The first poem of the initial cycle of Message views Portugal as the face of Europe, which sees the future from the perspective of the past. The next poem describes the arbitrary will of the gods and observes that while a life may occupy a small amount of time, a soul extends over a much greater length. There follows a sequence of eight poems, grouped as “The Castles,” referring to the stalwart figures of the founding and development of Portugal. The first figure is Ulysses, mythical founder of Lisbon, the Portuguese capital. Myth is considered a narrative made of nothing but which suffuses everything. The next poems concentrate on Portuguese monarchs and princes. In one poem, Pessoa speculates on nations as mysterious worlds unto themselves, begetting kingdoms and then empires.
The next cycle of poems, entitled “Portuguese Sea,” concentrates on the Age of Discoveries and begins with a poem on the death of Crown Prince Sebastian. His death in battle ended the dynasty of the discoveries and sparked the myth of Sebastianism, the idea that a royal figure would return to restore Portuguese glory. The section culminates with poems on the discoverers themselves: Bartolomeu Dias, Ferdinand Magellan, and Vasco da Gama. It begins with the observation that the desires of God become the dreams of men, prompting the work for their accomplishment. It culminates with a poem on the price for the Portuguese of the discoveries. Rhetorically, it inquires of the sea how much of its salt has come from Portuguese tears. Wondering whether the cost was worth the effort, the inquirer responds that anything not small-minded is worthwhile. God made the dangerous depths of the ocean yet its surface reflects an arching sky.
A third and final cycle, “The Covered,” gathers poems of a mystical nature, seeming to foretell or anticipate a culminating climax for Portugal and humankind. An air of mystery or of the mystifying permeates the poems. This section achieves this atmosphere through esoteric and numerological frames of reference and visionary interpretations of Portuguese heraldry.
Message was the only book in Portuguese published in Pessoa’s lifetime and under his own name, not a heteronym. It was compiled from poems written in the late 1920’s and early 1930’s, with a few going back to the period of World War I. They were compiled in order to compete for a 1934 prize in poetry, which he won, sponsored by the Secretariat of National Propaganda. The work’s dedicated nationalism complemented the nationalist objectives of the Portuguese dictatorship of the time, although Pessoa maintained he was opposed to authoritarian government.
The Book of Disquiet
First published: Livro do desassossego, wr. 1912-1935; pb. 1961, 1982 (English translation, 1991)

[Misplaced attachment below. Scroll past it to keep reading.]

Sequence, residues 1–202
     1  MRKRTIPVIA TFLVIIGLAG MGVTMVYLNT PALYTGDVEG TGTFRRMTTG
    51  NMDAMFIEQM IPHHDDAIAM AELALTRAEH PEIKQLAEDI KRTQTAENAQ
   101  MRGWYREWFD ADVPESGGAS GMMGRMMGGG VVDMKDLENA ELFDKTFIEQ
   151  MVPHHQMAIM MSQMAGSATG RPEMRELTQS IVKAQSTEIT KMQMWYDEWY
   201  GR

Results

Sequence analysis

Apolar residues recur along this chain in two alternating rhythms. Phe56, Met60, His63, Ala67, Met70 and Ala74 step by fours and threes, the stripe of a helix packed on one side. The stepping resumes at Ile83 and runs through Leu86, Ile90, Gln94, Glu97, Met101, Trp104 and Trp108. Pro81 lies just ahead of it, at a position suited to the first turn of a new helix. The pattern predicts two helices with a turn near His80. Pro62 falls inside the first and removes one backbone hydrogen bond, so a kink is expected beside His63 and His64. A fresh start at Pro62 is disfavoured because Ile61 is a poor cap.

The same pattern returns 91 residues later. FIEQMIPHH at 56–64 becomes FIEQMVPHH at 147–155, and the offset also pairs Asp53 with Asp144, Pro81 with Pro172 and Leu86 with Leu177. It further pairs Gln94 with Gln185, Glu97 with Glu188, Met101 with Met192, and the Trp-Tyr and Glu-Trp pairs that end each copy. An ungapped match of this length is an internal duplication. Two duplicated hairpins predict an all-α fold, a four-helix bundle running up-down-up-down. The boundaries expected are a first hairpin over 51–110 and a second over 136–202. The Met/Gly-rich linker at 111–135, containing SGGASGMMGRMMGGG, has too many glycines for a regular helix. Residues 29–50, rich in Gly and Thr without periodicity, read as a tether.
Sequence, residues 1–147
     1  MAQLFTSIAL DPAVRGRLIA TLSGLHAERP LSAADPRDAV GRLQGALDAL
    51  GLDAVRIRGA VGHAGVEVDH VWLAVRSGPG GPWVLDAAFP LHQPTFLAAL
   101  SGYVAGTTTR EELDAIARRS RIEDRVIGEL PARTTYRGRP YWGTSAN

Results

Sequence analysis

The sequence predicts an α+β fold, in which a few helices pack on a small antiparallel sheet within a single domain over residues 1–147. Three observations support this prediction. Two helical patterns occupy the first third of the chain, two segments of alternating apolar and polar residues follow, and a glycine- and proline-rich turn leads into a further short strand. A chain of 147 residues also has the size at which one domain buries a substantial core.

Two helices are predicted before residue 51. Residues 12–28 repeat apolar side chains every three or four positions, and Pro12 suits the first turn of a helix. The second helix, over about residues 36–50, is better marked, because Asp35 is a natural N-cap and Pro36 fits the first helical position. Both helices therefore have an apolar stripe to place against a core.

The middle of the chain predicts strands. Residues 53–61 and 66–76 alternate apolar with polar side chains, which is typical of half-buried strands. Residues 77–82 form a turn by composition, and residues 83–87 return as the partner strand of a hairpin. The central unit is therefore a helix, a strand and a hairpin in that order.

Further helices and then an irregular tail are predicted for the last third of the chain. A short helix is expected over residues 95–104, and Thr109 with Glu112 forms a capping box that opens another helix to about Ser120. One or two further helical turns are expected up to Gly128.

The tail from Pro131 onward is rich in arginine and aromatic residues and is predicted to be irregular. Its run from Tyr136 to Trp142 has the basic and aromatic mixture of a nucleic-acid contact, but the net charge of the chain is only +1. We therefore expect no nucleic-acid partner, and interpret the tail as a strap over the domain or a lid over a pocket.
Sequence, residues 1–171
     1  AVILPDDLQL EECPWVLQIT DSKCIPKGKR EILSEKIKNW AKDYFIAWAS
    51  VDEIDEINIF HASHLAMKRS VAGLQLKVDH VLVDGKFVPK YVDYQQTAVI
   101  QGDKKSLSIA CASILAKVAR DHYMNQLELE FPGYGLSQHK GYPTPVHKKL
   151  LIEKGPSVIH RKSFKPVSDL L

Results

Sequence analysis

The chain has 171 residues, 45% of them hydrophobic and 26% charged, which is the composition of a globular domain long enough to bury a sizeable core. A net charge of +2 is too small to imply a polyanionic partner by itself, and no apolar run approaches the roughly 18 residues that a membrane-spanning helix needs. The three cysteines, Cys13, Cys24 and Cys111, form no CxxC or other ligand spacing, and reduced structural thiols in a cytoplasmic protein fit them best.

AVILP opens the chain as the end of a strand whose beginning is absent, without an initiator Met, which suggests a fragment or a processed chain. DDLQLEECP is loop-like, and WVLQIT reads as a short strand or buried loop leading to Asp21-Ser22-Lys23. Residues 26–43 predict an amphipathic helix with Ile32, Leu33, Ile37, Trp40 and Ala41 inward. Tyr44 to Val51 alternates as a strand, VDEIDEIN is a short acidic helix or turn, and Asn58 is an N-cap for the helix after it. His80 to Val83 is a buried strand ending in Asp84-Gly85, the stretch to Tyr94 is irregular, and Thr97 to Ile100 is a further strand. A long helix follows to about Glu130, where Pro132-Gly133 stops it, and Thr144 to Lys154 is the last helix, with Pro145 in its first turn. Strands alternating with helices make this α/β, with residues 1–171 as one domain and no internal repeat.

Type of work: Nonfiction
Published posthumously, this collection of journal-like entries jotted down over two decades gathers reflections on existential dilemmas and the nature of the self.
The Book of Disquiet (also translated as The Book of Disquietude) has a format somewhat like a journal or diary and is also a collection of vignettes and reflections. Begun in 1912, Pessoa made entries for it throughout his life, especially in his later years. He described it as a collection of fragments. Although originally written under his own name, he eventually attributed the book to Bernardo Soares, whom he considered a “semi-heteronym,” even a mutilation of himself, who is described as an assistant bookkeeper in the city of Lisbon, a minor, anonymous clerical bureaucrat. Some critics attribute earlier parts of the work to another heteronym, Vicente Guedes.
What has impressed most readers of the book is its serene, succinct insights, as scintillating as they can be paradoxical. Though The Book of Disquiet is a work in prose, it is of a singularly poetic nature. The dominant theme or spirit of the work is introspection and self-reflection. This steady pursuit of self-inquiry gives the work a serenity that often belies its tortuous insights. Pessoa speculates that a heart would stop if it could think. Solitary reflection results in anguished isolation. Interested in everything but attached to nothing, he describes himself as a bisected individual, Siamese twins that are separated. The intensity of self-analysis leads him to conclude that his true dimension should not be measured in physical height but the size of his imagination.
The work also contains ironic reflections. Thinking of the banality and tensions of his life, he wryly observes that he suffers from a headache and the universe. He punctures pretensions by noting that while someone may have touched the feet of Christ, they should not be excused for lax punctuation. There are also lyrical recollections of the haunts of Lisbon, its cafés, bars, and byways, and of dreamlike delights.
A significant part of the work consists of reflections on prominent literary figures and their works. The literary masters for the author are Dante, William Shakespeare, and John Milton. He considers Shakespeare’s King Lear (pr. c. 1605-1606, pb. 1608) to be defective; nonetheless, he is envious of its creator for what the drama does accomplish. He admires classical authors, such as Homer, Vergil, and Horace. The most exotic figure in his canon is the Persian poet and scientist Omar Khayyám. Recognized also are nineteenth century writers, such as François-René de Chateaubriand, Stéphane Mallarmé, Paul Verlaine, and Heinrich Heine. The author is moved by the vibrant writings of Charles Dickens and the severe reflections of Thomas Carlyle.
The Book of Disquiet was not published in Pessoa’s lifetime, and how he would have organized it for publication is not known. Those who discovered the multitude of jottings that compose it were only able to organize and publish it after his death, in 1961. It quickly attracted favorable critical attention and was translated into numerous languages, with several admirable editions in English.
Ironically, while the author recognized it as a collection of fragments and conceived of it as a book, he never assembled it as such. Moreover, its creator had little sense of himself as an identifiable person. Thus the work has been described as a nonbook by a nonauthor. The word pessoa means “person” in Portuguese, although even Pessoa thought of himself as a nonperson.
While the chronological development of the work can be traced, its narrative continuity is nonexistent; it could be organized by either time or theme and has neither a beginning nor an end. One can dip into its thoughts at any point, drawn along on the serpentine allure of its insights. The work has nether a beginning nor an end, either as a genre or a pursuit.